HaikuNow! Winners for 2011

by Laura Sherman on April 21, 2011

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The Haiku Foundation created the HaikuNow! contest in order to encourage writers to explore English-language haiku. This year’s contest drew participants from over 50 countries. We had 240 entries in the Innovative category, 303 entries in the Contemporary category and 315 in Traditional.

We are pleased to announce the winners for the 2011 HaikuNow! contests:

Indian summer
mother dyes her graying hair
the color of straw

—Tom Painting

the river freezes . . .
silence is also
an answer

—Francine Banwarth

we turn turn our clocks ahead

—Christopher Patchel


Please see the HaikuNow! archive page for all the judges’ comments!


Ed Williams (UK) May 13, 2011 at 10:36 am

picking up on the turning clocks forward theme….

spring forward leap back
its morning, I forgot, dam
sunlight floods my eyes

I have enjoyed reading the archives – thanks

Larry Bole May 8, 2011 at 3:18 am

I apologize for the typos in my previous post, especially for the misspelling of Mr. Kacian’s name.


Larry Bole May 8, 2011 at 2:46 am

Was what is meant by “Innovative” defined for the contest, or was it left up to the contest entrants to interpret what is meant by the term?

Mr. Kacien defines two predominant types of haiku received in this year’s “Innovative” category for the contest: “shape” poems and “language” poems.

He defines “language” poems this way: “the experience conveyed is one conjured by the way words interact, more than any attempt at a natural correlative.” I assume he means by “natural correlative” a reference to some aspect of nature, such as flora or fauna, or naturally-occurring phenomenon, or naturally-occurring objects.

So one might ask: is any haiku that doesn’t make reference to nature in some way an “innovative” haiku? And are haiku that don’t make reference to nature in some way solely dependent on “the way [their] words interact” to have meaning or significance? One might argue that “the way words interact” is fundamental to what makes poetry poetry, and therefore not particularly “innovative.”

Are there other qualities besides “shape” and “the way words interact” as “language” that could make a haiku “innovative,” such as innovative subject matter? Is there any “innovative” subject matter left? Does the use of mimesis as a poetic technique make a haiku “innovative?” Is “innovation” only possible in haiku anymore by experimentation with “shape” and “language”? What is “experimental” when it comes to “language?” Can there be a conceptual haiku of zero syllables, which might exist as only a prosaic description of what the haiku would have been about, had it been written?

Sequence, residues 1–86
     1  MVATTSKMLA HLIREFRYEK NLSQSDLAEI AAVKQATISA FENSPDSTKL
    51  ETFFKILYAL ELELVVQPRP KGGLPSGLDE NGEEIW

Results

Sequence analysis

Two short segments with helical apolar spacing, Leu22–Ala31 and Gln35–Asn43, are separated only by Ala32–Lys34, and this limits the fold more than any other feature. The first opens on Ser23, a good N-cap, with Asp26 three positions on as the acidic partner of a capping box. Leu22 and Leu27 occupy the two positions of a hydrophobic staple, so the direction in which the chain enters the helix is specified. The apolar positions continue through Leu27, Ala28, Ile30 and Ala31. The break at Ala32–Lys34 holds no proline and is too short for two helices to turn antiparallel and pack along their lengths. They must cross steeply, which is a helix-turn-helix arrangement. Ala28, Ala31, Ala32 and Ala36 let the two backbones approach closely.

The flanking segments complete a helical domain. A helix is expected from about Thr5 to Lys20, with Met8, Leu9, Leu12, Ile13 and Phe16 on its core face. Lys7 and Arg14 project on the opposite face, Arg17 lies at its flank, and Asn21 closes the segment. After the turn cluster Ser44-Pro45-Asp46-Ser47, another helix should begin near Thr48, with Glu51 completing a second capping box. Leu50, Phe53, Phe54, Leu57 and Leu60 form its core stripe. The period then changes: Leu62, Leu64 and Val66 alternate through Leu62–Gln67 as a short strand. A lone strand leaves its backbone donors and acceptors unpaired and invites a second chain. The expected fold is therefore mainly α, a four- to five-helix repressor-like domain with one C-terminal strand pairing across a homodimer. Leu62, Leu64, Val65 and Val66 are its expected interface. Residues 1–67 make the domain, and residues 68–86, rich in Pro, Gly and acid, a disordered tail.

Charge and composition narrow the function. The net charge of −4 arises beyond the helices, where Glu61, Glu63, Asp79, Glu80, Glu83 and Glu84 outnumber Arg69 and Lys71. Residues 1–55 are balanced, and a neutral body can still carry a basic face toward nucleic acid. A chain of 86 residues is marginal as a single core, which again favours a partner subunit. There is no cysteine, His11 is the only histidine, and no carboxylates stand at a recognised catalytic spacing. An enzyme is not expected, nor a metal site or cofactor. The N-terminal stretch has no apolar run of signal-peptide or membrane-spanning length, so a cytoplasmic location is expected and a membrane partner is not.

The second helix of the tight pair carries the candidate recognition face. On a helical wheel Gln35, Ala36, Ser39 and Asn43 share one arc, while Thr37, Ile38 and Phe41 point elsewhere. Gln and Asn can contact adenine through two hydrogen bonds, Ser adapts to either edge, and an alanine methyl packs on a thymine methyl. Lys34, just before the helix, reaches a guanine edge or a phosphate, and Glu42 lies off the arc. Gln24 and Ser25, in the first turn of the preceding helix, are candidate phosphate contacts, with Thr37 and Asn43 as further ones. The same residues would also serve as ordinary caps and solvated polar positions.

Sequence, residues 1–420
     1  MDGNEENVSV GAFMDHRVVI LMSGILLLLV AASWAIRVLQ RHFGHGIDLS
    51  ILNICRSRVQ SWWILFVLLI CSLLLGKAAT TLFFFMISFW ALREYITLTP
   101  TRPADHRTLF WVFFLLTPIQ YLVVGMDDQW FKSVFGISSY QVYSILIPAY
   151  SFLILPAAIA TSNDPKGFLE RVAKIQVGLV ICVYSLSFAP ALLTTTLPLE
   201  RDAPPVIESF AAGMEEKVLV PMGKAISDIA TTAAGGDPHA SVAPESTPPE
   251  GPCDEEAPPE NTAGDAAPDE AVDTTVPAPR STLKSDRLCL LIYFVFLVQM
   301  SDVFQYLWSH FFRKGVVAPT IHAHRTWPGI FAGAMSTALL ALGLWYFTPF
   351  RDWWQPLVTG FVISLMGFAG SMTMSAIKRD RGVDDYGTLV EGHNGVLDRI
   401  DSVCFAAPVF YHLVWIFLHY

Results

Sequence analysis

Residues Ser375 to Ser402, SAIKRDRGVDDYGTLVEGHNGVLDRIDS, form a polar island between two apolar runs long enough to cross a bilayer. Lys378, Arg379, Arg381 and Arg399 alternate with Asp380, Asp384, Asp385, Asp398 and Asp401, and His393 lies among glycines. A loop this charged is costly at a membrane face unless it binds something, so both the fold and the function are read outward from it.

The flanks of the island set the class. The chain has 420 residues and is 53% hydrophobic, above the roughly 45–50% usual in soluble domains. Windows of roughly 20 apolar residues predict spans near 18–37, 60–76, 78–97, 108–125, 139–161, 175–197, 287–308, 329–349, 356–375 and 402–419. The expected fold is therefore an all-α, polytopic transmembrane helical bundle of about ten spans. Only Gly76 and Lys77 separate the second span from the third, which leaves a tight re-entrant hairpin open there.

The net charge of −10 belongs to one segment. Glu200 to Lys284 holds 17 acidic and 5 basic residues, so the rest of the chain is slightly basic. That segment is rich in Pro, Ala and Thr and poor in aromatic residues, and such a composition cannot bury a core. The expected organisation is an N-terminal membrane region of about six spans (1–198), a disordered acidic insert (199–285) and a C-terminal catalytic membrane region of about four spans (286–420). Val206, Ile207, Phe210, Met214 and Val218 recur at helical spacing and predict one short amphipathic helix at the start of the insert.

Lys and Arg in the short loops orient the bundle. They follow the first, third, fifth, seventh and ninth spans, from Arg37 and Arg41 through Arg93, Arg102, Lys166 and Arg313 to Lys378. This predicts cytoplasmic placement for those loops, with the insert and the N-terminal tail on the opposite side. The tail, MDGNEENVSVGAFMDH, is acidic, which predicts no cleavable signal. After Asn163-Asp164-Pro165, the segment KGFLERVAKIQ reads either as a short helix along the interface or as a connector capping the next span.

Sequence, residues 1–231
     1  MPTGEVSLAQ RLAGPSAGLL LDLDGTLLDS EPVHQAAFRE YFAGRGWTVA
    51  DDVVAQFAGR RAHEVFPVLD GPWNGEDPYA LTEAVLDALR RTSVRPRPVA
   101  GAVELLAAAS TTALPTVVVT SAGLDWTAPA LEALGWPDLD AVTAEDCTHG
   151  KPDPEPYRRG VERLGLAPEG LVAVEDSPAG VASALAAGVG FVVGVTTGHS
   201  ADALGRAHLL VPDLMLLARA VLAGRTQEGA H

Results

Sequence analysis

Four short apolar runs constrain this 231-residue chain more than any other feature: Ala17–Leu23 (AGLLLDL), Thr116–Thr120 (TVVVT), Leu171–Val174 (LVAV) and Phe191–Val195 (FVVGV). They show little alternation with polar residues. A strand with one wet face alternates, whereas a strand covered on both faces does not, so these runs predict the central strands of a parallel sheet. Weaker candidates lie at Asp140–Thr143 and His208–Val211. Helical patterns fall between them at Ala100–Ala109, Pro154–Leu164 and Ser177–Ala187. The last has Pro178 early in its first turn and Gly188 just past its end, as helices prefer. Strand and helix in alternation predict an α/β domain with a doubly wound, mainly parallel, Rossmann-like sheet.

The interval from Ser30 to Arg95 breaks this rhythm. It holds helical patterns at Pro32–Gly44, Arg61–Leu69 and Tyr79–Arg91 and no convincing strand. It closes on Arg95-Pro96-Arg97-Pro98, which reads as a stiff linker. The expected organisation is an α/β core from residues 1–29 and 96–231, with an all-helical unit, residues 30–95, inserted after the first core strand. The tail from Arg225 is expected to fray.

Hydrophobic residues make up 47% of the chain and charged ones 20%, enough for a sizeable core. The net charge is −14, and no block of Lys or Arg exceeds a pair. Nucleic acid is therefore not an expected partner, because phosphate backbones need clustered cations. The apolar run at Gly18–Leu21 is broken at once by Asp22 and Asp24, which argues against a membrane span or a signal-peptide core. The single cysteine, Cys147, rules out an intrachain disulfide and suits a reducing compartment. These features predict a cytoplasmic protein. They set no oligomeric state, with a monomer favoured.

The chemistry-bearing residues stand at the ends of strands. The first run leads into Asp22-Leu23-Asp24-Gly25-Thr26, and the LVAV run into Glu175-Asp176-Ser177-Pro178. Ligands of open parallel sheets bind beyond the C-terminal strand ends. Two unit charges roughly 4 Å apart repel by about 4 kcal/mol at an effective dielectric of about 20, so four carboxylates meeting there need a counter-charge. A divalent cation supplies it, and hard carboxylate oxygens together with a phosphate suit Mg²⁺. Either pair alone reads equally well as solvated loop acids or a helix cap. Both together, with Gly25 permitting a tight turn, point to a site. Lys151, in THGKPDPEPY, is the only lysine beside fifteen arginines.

I don’t subscribe to the viewpoint that haiku shouldn’t be “bejeweled” but, for those who do, isn’t there a certain amount of “bejeweledness” in “shape” poems and poems that use mimesis as a poetic technique?

What English-language haiku currently suffers from a lack of, and has for some time now, is a critic of the caliber of Shiki, one who is not afraid to point out when the emperor is not weaering any clothes.

I give Robert Wilson credit for at least making the attempt to be such a critic.

What if I made up the following song to teach children about daylight savings time:

We turn turn our clocks ahead,
our clocks ahead, our clocks ahead;
we turn turn our clocks ahead,
so early in the morning.

And then I told you that I was going to extract the first line from that children’s song, and call it an “innovative” haiku. Would me calling it that make it innovative? Make it a haiku?


H. Gene Murtha May 7, 2011 at 7:41 am

actually, I like the feel of Christopher’s “turn turn.” Twice per
year, I have to take down the kitchen clock and turn turn the
the knob on back of the wall clock either ahead, or back.

Larry Bole May 6, 2011 at 7:15 pm

In spite of the garbled mess of an essay that is “Re-inventing the Wheel,” I agree with some of Robert’s points, although I disagree with others.

Kigo is first and foremost a ‘seasonal word’. It is meant to indicate a season. A majority of such indications are natural phenomenon, or nature references in terms of plants and animals. But kigo have very specific associations. Although rain in spring can be torrential, “spring rain” as a traditional Japanese kigo is always a quiet, gentle rain.

‘Human Affairs’ can be seasonal references. I believe this was true even in Basho’s time. If not, please let me know.